I believe that honesty is the best policy, but for years I hid my HAE from my employer. I assumed he’d use my HAE as a reason to hold me back, since it is a chronic condition that is hard to understand. So I just called in sick whenever I had an HAE attack instead of trying to explain what I was going through. However, I felt that missing so many days made me seem unable to do my job.
Oddly enough, prior to having an approved treatment for acute attacks of HAE, it seemed that a majority of my HAE attacks happened to occur on the weekends. If I spent all Sunday night dealing with an abdominal attack, I’d have to call in sick on Monday because I was just too exhausted to go to work.
My boss was getting tired of my frequent absences, so I told him about my condition. I do not think he understood the severity of HAE and instead rolled his eyes. At that time, I didn’t have any printed material to show him, so he would have to take my word for it…and he took my word as an excuse.
That is, until my wife had to call in sick for me one day while we rushed to the hospital. When I woke up, I found both of my eyes swollen completely shut and swelling developing in my face and throat. My wife and I know that we should always go to the hospital for a laryngeal attack, and that’s exactly what we did.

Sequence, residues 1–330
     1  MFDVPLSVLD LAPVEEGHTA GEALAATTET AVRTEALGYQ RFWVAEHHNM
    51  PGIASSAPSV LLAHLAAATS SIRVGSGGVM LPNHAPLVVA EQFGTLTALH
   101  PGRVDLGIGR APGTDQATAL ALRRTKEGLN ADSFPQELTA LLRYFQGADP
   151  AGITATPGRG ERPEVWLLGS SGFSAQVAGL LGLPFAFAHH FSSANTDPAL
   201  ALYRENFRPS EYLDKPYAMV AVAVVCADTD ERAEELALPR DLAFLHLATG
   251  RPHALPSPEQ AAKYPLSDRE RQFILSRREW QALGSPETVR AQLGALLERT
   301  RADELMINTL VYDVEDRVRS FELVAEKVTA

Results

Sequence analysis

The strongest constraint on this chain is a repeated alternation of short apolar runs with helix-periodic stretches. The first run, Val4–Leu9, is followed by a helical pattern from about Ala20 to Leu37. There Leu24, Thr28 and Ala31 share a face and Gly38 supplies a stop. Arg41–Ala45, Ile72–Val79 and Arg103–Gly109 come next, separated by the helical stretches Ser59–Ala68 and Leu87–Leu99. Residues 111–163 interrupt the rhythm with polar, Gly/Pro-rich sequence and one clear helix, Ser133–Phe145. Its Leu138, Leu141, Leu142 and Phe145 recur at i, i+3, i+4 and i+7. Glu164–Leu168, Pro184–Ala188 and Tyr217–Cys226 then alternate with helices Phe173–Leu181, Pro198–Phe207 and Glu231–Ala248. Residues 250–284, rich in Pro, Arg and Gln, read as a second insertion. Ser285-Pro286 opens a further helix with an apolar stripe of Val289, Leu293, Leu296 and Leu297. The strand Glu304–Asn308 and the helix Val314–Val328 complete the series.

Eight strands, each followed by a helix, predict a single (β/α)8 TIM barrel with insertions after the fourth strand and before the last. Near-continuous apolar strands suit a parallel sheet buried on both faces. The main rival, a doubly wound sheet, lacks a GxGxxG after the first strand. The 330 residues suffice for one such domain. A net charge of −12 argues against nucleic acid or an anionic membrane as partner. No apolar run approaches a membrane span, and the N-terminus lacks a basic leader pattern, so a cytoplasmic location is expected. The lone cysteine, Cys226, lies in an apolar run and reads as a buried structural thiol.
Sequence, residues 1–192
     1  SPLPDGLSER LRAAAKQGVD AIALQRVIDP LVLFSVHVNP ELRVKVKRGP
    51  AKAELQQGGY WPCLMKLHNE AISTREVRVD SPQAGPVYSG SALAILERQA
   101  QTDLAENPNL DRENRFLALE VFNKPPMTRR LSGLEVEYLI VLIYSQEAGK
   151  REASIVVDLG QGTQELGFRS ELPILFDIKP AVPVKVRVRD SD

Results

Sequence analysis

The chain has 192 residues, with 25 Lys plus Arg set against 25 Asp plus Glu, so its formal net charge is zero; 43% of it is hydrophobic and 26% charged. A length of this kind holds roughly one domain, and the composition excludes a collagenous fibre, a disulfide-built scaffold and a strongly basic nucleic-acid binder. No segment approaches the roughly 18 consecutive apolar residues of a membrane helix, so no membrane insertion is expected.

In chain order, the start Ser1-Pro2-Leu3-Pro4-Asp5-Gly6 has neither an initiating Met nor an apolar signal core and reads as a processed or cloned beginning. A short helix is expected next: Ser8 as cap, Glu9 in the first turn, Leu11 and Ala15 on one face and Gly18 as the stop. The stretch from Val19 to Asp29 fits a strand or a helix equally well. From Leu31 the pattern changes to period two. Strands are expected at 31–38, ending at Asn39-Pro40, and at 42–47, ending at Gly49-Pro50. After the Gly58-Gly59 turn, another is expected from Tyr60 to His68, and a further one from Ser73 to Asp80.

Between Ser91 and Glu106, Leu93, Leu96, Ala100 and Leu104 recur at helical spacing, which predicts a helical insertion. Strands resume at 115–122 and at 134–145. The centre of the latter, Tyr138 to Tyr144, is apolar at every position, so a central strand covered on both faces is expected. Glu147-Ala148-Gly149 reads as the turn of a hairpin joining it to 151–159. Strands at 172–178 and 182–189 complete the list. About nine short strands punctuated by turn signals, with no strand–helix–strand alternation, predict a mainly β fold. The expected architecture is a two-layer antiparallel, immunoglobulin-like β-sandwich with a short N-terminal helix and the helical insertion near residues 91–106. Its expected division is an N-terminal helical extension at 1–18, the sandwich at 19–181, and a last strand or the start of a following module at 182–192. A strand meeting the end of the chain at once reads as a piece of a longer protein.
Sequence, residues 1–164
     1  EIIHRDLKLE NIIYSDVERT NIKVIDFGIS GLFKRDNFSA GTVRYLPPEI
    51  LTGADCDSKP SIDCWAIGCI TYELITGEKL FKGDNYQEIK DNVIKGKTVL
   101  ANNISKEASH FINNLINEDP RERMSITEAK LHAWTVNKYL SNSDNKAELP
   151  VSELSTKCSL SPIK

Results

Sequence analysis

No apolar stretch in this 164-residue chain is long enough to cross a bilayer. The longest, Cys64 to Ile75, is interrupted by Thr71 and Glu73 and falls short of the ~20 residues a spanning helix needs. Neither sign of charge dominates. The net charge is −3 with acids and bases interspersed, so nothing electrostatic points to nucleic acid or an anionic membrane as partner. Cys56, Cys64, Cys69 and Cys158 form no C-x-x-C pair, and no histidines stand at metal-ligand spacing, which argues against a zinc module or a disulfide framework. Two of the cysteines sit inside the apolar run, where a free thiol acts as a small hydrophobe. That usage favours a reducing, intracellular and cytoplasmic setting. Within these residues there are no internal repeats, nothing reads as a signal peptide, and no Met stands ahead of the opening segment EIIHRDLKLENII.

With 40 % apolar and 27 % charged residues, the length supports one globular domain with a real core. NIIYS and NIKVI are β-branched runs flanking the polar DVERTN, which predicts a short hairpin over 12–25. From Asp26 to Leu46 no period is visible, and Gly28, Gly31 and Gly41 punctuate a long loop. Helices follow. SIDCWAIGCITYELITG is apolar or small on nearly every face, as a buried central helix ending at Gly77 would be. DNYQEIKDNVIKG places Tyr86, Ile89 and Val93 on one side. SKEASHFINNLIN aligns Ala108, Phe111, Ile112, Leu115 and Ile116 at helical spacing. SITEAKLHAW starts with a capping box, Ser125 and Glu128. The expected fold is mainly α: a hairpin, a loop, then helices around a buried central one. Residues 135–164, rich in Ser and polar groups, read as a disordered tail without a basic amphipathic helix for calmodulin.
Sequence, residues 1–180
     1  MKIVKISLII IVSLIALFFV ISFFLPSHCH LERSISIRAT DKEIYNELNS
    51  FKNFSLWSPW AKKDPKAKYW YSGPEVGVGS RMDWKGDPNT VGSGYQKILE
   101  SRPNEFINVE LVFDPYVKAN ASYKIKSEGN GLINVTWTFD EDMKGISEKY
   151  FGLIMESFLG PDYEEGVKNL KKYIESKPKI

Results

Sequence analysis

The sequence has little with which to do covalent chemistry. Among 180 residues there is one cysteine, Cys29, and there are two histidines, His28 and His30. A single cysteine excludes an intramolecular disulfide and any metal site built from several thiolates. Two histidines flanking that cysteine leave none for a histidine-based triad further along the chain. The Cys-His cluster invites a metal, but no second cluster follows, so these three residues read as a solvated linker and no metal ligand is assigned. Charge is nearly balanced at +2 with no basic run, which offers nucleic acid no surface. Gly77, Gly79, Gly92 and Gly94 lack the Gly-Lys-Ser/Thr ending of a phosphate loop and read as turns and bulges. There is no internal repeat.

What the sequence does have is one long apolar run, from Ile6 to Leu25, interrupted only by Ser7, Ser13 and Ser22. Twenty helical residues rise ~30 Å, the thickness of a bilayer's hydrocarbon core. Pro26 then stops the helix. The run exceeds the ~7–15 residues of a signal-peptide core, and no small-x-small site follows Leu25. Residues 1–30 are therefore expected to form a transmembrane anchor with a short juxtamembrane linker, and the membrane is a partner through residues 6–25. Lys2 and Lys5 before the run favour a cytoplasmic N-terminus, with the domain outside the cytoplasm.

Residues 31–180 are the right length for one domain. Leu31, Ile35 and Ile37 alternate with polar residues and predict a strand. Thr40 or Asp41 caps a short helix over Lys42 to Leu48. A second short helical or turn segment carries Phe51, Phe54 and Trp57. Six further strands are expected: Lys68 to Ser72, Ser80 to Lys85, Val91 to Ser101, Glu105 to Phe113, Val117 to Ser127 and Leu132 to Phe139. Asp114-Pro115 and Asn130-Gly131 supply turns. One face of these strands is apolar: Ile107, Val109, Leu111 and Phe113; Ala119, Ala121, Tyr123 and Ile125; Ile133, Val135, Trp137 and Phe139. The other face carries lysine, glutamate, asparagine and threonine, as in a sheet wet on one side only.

Shortly after reaching the hospital, I was intubated and placed in a medically induced coma to help my body rest. When my boss came to visit me in the intensive care unit, I was still in a coma, and my entire body was swollen.
From that point forward, he understood why I missed so many Mondays.
Today, there are more resources available to help us explain HAE to others. Websites can be a place to direct employers for information.
I’ve also discussed my plan of care with my employer. If I should have an HAE attack at work, I want my employer to know how to help me.
My office manager has a list of emergency contacts in case I have an attack at work and need to go to the hospital. It’s reassuring to know that someone at work knows what to expect if I have an HAE attack.
What about you? How do you explain HAE to your employer? Leave a comment.
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